Something I have always admired about some of Hogan’s writings is that despite the story lines being built around Native loss and struggle, there is certainly deeper truths that will resonate with a wide variety of people – whether separated from their native culture, or merely floating in one that is too large to truly be part of. That is one of the amazing things about Hogan’s writing – she manages to make you question the foundations of your own life (that sounds like hyperbole, I know, but I mean it!). This book in particular made me wonder about the effects of being a part of a larger, all-consuming type of culture versus being a member of a smaller, more intimate one, and whether it is possible to truly feel a part of something so large. My theory stemming from these thoughts is that a broad, umbrella type of culture is essentially no culture at all, especially in lieu of increasing globalization, where we all seem to be blending into one another more and more so. With this in mind, I find a book like People of the Whale that much more moving, because it desperately clings to the last remnants of an intimate culture that knew itself enough to even know something of the lives of creatures in the ocean or in the forests. The idea that a people is aware enough of themselves, connected enough, to even open themselves up beyond humans to the world surrounding them. There are too many disconnections, too much surface area being covered by larger cultures to achieve such permeation. In this way I found that I truly empathized with the characters‘ struggle to regain their lost past – something they know is still there, though hidden from them, because I too am searching for that past that would pull my toes into earth, forming roots, making me a part of something with a completeness never experienced in my life.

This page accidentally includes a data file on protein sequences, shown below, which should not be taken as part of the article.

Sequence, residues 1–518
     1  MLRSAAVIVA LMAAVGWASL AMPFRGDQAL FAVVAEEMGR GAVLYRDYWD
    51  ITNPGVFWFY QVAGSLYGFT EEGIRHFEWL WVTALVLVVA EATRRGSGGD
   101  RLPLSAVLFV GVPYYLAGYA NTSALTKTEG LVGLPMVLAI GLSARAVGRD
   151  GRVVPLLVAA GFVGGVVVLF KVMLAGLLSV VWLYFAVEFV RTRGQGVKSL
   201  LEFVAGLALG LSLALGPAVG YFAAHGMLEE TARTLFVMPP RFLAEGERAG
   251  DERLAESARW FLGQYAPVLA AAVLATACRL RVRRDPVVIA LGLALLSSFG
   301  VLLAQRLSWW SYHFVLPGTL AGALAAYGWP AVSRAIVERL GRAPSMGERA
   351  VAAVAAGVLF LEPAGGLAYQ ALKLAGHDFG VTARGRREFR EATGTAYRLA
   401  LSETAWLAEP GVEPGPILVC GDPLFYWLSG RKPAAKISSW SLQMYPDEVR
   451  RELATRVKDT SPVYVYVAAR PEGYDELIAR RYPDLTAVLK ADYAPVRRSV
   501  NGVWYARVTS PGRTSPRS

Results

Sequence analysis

One of the ways in which Hogan brings these people to life is through their relationship to water, an element we all have in common, and yet have differing levels of deference for it. Not only is the presence of the ocean saturating the work, but so are the creatures of the ocean. The reverence the characters’ ancestors held for the ocean life seem to reflect the degree to which human life is also held in reverence. As the traditions fall away and respect for nature diminishes, the same happens with respect for human life. This shift can be primarily marked by the Vietnam war and Thomas’s experiences there. The beauty of water as a symbol is that it is pretty much everywhere, present as the seemingly endless ocean, rivers, rain, to the moisture in the humid air of the jungle. In this book water is life, quite literally for the people of Dark River – the small town that is Thomas and Ruth Just’s home, where their people’s beginnings originated from the whales, hence the title of the book.

     There is so much more I could say about this book, and probably should, but I’ll leave it at this: read People of the Whale and any other book by Linda Hogan. She is very much worth reading. This book gets:



  1. Hi! How are you? Are you doing another blog or are you on hiatus? I can’t find your poetry! Write me!